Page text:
September 12, 2005
Global efforts ushered in at Westminster
BY eric rangus
On Friday, Oct. 14, President Jim Wagner will deliver an address that outlines Emory’s strategic plan. It’s one of many he will give in the coming months. The invited audience, a group of Emory alumni augmented by top CEOs and Emory corporate partners, is impressive enough, but the location of the event—London’s Westminster Abbey—is what makes this gathering truly historic.
Wagner’s Westminster Abbey appearance is the culmination of months of internationally focused planning and relationship building, and will be the first step in what the University hopes will be a dramatic move toward cementing the institution’s place as a global entity.
The Friday night highlight of Wagner’s Oct. 14–16 visit to England is actually two events. The first, earlier in the afternoon, is the inaugural meeting of the newly formed Europe, Middle East, Africa (EMEA) Board of Emory, a distinguished group of regional chief executives, physicians, diplomats and attorneys (some Emory alumni, some not) that will serve as an international advisory group for the University.
The second, more public event takes place from 6:30–8:30 p.m. and will include alumni and other guests who are from across the EMEA region. That address and reception is sponsored by the Association of Emory Alumni.
“For both of these events, we want to communicate Emory’s vision to be more internationally recognized and to be making positive transformation in the world,” said Wagner, making concrete reference to Emory’s vision statement. This will be Wagner’s third visit to Westminster—but his first as Emory president.
“[Communicating our vision] will essentially be the focus of the entire EMEA board. Our alumni, of course, will likely be interested in a broader range of Emory activity,” he continued.
EMEA is the first of three international boards to be formed. The others will be Asia/Pacific (also to include Australia) and the Americas (North, South and Central America, not including the United States). The makeup of those boards will be similar to EMEA, and Morgan said programming, such as Wagner’s visit to London, will take place in those parts of the world as well.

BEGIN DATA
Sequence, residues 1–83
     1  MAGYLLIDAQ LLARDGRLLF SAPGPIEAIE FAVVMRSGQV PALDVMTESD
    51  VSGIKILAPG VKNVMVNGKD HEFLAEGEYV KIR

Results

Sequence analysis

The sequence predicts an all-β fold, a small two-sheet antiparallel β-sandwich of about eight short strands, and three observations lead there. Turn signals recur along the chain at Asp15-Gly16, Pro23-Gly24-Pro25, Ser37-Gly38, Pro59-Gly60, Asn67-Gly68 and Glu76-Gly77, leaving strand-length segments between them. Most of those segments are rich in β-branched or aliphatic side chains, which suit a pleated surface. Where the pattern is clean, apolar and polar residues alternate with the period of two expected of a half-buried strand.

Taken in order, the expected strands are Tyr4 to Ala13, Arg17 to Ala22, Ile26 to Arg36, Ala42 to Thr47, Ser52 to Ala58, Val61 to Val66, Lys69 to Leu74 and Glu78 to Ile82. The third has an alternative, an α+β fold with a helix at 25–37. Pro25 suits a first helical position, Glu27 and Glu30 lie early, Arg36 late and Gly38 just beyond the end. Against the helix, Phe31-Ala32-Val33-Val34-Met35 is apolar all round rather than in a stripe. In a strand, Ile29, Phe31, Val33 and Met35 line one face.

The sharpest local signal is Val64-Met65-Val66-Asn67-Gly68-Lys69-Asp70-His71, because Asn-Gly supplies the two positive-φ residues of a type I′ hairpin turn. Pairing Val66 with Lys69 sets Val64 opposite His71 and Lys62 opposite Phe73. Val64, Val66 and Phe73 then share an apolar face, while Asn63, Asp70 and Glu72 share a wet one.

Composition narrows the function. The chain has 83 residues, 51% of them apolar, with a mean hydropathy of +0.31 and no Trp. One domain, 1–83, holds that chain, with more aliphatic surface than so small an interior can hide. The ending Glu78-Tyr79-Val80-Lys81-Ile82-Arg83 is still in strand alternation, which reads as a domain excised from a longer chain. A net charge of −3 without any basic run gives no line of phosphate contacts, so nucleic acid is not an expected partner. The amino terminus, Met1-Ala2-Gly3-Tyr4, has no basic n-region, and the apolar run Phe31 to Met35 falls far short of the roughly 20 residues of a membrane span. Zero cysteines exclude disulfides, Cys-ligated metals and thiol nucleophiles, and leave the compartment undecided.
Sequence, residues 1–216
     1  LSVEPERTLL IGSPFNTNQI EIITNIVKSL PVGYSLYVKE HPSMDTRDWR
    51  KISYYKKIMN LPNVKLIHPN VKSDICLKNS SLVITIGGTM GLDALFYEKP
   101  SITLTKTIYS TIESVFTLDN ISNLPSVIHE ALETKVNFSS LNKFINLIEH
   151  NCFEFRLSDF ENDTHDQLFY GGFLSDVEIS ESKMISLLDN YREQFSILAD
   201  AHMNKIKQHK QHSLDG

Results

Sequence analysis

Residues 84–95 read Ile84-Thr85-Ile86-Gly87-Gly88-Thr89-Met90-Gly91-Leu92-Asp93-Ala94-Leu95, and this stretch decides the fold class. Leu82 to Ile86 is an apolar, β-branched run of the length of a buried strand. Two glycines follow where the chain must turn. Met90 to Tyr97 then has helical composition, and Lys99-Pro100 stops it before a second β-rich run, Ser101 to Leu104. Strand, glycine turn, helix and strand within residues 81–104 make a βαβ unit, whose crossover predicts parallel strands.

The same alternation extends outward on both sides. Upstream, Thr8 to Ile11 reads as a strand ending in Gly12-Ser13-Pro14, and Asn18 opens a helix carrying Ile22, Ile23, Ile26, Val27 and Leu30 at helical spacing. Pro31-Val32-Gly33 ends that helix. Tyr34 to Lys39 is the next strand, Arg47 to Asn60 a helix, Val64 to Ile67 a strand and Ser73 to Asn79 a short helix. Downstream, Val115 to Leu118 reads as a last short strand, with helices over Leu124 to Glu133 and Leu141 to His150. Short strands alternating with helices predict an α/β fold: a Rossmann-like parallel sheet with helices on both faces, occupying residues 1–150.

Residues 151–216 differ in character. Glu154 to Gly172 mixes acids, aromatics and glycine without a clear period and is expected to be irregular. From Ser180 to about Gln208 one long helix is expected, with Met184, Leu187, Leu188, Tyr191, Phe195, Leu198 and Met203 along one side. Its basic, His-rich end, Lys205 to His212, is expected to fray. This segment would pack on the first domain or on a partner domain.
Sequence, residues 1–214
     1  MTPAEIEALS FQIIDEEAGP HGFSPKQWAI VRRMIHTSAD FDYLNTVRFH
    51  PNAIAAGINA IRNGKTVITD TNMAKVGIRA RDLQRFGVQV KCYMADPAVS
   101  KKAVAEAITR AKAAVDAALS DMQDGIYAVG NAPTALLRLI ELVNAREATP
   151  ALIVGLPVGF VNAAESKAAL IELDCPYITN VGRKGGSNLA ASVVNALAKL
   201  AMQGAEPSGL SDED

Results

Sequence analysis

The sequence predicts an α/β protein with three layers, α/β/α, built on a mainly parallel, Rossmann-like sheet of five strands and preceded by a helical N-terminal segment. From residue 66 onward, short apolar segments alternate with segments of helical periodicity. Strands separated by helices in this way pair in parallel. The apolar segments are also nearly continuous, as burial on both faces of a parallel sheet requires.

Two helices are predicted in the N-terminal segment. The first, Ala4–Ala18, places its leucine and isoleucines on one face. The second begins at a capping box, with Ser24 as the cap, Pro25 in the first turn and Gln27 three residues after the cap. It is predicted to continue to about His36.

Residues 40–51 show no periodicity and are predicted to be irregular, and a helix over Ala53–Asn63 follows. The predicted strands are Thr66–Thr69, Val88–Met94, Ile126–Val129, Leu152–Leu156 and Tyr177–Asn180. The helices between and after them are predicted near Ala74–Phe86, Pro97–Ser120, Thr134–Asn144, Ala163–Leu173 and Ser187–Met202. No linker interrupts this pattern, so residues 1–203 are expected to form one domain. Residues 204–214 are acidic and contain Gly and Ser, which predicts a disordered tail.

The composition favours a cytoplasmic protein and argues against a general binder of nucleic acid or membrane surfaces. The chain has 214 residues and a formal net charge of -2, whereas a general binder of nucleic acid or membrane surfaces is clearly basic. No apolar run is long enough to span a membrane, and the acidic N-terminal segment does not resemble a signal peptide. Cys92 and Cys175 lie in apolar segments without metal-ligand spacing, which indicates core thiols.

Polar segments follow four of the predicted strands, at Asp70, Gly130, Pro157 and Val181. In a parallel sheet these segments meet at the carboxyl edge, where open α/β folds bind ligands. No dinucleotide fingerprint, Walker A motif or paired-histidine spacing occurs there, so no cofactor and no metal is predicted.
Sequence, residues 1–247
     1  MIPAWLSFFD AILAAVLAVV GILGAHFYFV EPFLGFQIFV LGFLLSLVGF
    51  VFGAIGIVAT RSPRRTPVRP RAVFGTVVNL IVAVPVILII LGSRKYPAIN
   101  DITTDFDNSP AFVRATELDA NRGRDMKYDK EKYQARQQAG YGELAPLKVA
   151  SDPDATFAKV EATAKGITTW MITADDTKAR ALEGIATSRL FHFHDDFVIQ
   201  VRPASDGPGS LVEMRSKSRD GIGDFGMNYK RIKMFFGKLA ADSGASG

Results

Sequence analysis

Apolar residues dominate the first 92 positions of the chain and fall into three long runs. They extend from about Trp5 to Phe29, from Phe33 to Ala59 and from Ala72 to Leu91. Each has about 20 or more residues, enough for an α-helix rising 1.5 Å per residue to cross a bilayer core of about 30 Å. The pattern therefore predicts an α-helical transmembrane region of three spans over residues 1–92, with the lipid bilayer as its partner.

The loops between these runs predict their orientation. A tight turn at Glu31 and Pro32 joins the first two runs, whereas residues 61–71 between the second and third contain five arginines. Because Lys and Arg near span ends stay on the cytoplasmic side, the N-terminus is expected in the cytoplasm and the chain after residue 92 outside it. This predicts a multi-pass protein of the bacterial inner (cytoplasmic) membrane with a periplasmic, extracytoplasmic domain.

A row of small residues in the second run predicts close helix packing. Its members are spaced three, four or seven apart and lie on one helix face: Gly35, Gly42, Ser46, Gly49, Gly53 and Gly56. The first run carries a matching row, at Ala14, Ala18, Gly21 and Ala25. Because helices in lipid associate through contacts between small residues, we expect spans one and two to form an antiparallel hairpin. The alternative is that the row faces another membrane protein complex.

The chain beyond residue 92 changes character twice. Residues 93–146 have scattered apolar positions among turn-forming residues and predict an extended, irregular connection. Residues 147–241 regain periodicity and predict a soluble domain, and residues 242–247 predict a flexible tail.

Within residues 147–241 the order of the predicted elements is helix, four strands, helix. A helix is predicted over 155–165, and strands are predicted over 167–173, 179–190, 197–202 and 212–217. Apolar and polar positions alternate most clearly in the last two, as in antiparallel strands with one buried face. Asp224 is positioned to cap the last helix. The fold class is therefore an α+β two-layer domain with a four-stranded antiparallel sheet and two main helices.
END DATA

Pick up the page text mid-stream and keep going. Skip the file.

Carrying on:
The relationship between EMEA and Emory’s administration will continue to grow. Provost Earl Lewis will be the featured speaker at the board’s next meeting in June 2006 in Istanbul, Turkey.
“This is a way to connect Emory to the region,” said Tom Robertson, special assistant to the president for international strategy, who is in England this week—his works takes him across the Atlantic frequently. He was speaking not only of the Westminster Abbey event but also of the creation of the EMEA Board in general.
“A lot of these relationships have been formed from other relationships,” said Robertson, the University’s point person in the formation of these boards. “Some board members are colleagues of people who already have a connection to Emory.”
About 100 people are expected to attend, including not just the aforementioned board members but exchange students, Emory faculty, staff, parents, friends of the University, and even several spouses.
“We have never had such a response to an [international] event in my six years at Emory,” said Julia Siân Morgan, director of marketing for the European office of Goizueta Business School. A native of England, Morgan spent almost four years working on the Atlanta campus for Goizueta before transferring to London about two-and-a-half years ago.
Setting the event up took months of legwork. Westminster Abbey rarely hosts gatherings such as Emory’s, but if the right relationships are forged, things happen. Morgan’s contacts, for instance, included members of the British Parliament. That the event falls during the week Westminster celebrates its 1,000 anniversary is a happy coincidence.
“The event and its location symbolize the noble endeavor of educaton and learning,” Morgan said. “Bringing people together with different cultural perspectives is what an enriched education is all about.”